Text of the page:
Thousands of visitors turned out for the opening of Dreamland Margate yesterday (May 26).
The amusement park has undergone a £25million overhaul following investment from Arrowgrass Capital Partners.
The transformation compared to the park’s lay out when it opened in 2015, is dramatic.
Food and art
The centre of the site is dominated by the festival stage, with grassed area, seating that runs up to the historic follies and the street food array of vintage vehicles selling everything from tacos to pizzas.
Interactive art installations, including a large marble run, sit alongside the rides old and new. From the Waltzer to the Scenic Railway, the vintage rides have been taken back to their original glory.
The ride line-up also welcomes the Brooklands Speedway, the Magic Mouse and Wedgwood Tea Cups.
Drinks in the sun
The Slide Bar, set near the new stage, and the new treetop bar, at the further end of the park by the Magic Mouse, are great new additions to the site and proved popular with visitors soaking up the sun and the atmosphere.
Children got to discover the all-new Teddy and Betty Land, where the park’s mascots took on a starring role with stage shows and brand new rides including Betty’s Beehive. The retro Roller Disco and vintage arcades were also open.
Music lovers soaked up a festival feel as Vintage Trouble the American rhythm & blues band lit up the new Scenic Stage with an energetic performance.
The festival programme will continue this year with a coterie of venues being built, including a 15,000-capacity stage set to welcome some of the biggest names in music, including Gorillaz who announced their UK live return with their own festival at Dreamland on June 10. Tickets for the gig sold out in under six minutes.
On the seafront, the original 1930s Cinque Ports pub has been resurrected; once a favourite haunt of mods and rockers in the 1960s, and will offer modern pub fare with a front row view of Margate seaside when it reopens officially on June 3.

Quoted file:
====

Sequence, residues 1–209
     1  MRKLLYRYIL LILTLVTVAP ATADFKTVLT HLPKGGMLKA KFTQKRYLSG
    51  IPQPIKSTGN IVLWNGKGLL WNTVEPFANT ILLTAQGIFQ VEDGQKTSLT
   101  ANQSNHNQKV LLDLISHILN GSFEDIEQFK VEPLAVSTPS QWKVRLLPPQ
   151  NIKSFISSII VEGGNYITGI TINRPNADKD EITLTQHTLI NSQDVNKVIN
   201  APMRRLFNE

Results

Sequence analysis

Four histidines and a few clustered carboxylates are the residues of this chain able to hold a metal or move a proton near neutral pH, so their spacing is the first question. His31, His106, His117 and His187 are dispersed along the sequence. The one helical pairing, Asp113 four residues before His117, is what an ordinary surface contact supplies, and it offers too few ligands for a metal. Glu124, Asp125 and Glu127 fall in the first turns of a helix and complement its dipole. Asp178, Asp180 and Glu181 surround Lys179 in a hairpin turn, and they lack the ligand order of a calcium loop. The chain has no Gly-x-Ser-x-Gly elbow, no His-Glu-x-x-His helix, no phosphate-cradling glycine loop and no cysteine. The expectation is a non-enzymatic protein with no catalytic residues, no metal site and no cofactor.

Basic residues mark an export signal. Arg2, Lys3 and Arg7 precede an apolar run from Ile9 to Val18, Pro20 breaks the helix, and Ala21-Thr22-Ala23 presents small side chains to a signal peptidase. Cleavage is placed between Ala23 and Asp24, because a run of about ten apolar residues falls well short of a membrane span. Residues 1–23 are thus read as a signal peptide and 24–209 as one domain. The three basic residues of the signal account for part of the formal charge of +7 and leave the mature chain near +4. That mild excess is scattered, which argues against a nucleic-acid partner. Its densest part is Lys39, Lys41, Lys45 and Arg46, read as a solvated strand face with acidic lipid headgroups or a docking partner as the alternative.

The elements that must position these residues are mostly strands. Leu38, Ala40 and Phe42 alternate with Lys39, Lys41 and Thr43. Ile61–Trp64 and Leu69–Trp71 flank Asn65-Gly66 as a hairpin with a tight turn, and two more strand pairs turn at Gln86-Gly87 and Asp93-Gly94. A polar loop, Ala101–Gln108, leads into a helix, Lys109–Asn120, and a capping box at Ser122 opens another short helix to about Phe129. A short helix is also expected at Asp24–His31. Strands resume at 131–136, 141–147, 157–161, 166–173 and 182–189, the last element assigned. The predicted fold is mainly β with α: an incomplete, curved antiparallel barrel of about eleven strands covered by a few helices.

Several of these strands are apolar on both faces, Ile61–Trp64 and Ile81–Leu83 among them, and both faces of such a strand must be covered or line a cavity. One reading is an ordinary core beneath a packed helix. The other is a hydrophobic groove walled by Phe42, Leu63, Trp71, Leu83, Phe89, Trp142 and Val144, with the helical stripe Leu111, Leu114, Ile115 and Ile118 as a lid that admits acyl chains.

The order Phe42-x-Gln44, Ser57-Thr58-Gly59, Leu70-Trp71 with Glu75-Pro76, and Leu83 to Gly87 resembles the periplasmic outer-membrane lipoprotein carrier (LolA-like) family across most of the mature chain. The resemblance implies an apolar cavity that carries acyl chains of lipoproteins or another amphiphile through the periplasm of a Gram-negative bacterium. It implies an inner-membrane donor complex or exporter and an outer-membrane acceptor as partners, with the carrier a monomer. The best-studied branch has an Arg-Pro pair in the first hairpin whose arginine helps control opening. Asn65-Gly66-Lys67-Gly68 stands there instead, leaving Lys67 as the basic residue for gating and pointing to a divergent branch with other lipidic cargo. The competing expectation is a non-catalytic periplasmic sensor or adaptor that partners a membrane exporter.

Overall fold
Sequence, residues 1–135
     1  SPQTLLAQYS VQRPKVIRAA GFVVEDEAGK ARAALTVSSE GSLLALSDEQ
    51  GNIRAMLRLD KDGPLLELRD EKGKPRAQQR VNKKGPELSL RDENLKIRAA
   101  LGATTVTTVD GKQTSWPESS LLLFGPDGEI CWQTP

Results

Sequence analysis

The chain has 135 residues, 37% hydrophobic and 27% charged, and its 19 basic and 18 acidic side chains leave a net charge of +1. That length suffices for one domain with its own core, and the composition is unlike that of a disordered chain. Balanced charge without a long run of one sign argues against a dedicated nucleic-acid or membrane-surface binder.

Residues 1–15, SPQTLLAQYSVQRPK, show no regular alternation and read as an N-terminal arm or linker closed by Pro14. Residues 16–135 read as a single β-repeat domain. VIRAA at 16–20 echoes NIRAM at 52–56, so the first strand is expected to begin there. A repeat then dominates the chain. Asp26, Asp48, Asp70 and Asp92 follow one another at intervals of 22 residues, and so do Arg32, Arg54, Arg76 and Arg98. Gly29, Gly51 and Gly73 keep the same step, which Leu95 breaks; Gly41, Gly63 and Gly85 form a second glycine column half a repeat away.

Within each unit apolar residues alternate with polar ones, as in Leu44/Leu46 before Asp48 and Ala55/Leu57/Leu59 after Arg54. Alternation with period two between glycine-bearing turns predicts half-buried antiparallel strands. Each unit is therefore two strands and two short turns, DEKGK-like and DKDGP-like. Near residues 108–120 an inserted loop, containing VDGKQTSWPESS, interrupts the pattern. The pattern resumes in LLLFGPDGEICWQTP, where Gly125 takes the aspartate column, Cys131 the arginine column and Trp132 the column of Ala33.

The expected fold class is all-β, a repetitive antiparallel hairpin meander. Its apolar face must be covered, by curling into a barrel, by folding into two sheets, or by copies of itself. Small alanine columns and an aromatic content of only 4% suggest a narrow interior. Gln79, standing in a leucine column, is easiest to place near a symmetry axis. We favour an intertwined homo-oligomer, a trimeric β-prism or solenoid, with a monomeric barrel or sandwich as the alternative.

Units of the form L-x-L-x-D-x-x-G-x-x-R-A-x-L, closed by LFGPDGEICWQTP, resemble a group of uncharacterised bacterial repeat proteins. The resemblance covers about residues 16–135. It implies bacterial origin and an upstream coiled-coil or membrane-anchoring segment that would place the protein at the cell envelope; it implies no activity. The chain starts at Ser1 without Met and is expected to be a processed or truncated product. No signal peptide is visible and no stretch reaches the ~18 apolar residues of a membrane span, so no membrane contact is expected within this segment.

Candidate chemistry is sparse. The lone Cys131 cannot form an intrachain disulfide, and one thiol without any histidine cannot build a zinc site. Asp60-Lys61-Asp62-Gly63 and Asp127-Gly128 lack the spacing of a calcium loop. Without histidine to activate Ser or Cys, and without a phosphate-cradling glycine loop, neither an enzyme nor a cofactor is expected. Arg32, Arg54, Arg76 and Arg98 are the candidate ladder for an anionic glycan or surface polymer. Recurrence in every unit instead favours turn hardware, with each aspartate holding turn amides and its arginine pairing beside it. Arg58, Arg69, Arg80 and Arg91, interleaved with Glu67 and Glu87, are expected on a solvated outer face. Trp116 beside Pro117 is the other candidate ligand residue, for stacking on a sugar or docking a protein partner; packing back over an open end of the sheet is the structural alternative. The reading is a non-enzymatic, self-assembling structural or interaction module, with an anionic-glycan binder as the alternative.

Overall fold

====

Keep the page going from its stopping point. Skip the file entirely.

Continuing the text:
Ziggy’s – the first ever rooftop bar on the seafront of Margate at the old Escape building – offered rum infused cocktails, Jamaican jerk chicken and reggae tunes.
Steven Mitchell, CEO at Dreamland Margate, said: “The sun is shining and it’s been a magical day to showcase all the work we’ve been doing behind-the-scenes to Dreamland. We have hopefully curated a new age of seaside culture to create something truly unique, all while embracing our rich history that has made Margate a favourite for decades. This summer we’ll play host to live music including the Gorillaz, outdoor cinema screening, circus and more- it’s set to be a memorable summer.”
Art and light
The opening event also included an exhibition by Barry Kirk, in the main concourse, organised by The Dreamland Trust.
The neon signs were switched on by artist Tracey Emin just after 9pm. The former Margate girl was joined for the light up by artist Rachel Wilberforce.
The evening also saw the unveiling of a new public art installation, commissioned by Thanet District Council, by Rachel, whose 2015 artwork Solaris already sits in the Dreamland Arcade.
The Heritage Lottery funded artwork consists of two large-scale double collage installations of abstracted historic imagery, light-boxes and glazing, situated at the former Dreamland Bars in Margate.
Back to the 60s
Dreamlandscapes an exhibition of drawings, prints and paintings by Barry Kirk, is based on Dreamland’s 60s heyday. Barry Kirks’ artworks provide a snapshot of Dreamland’s past and people. Recognisable faces and places merge into bold depictions of a bustling amusement park complete with Teddy Boys, sideshows, saucy ladies and surreal backdrops.
Mr Kirk said: “I am delighted to see the Dreamland collection exhibited in one major display for the first time and it is poignant that the collection will be shown at Dreamland. I visited the amusement park in 1963 while teaching at Canterbury School of Art. The sights, sounds and ambiance of the park are the inspiration for the collection. I hope that visitors to the exhibition will enjoy the Dreamlandscape collection and through its imagery, relive the experience of visiting Dreamland in the 1960’s (collection and Dreamlandscape will bring to life images of Dreamland in the 60s”.
Bernie Morgan, the Chair of The Dreamland Trust said: “We are really pleased to launch our series of exhibitions with Barry Kirk’s work in this new space at Dreamland Margate, which gives the Dreamland Trust a real visible presence. It is great news for us that we are able to exhibit this collection for the first time in one place. They bring back memories of Dreamland’s heyday.
“We will also be delivering a number of other exhibitions throughout the year as part of our drive to inform and celebrate the history of Dreamland. We hope as many people as possible can enjoy this and relive their past.”
The exhibition will run for 8 weeks and can be seen during Dreamland’s opening hours. Entry is free.
See for yourself
Dreamland is free to enter and is now open for the whole of half term and weekends until July 21.
After that date the park will be open for the whole of the summer through to September.
The inside areas are open all year round and include Roller Disco, Vintage Arcades and Octopus’ Garden.